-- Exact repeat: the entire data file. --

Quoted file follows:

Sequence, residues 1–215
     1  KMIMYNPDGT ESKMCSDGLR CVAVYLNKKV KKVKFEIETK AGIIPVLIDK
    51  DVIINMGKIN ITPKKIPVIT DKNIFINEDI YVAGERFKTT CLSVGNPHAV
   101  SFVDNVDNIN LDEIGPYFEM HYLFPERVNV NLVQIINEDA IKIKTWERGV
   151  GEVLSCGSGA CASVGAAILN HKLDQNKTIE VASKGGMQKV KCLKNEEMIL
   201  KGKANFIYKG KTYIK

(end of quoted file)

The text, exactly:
Sequence, residues 1–215
     1  KMIMYNPDGT ESKMCSDGLR CVAVYLNKKV KKVKFEIETK AGIIPVLIDK
    51  DVIINMGKIN ITPKKIPVIT DKNIFINEDI YVAGERFKTT CLSVGNPHAV
   101  SFVDNVDNIN LDEIGPYFEM HYLFPERVNV NLVQIINEDA IKIKTWERGV
   151  GEVLSCGSGA CASVGAAILN HKLDQNKTIE VASKGGMQKV KCLKNEEMIL
   201  KGKANFIYKG KTYIK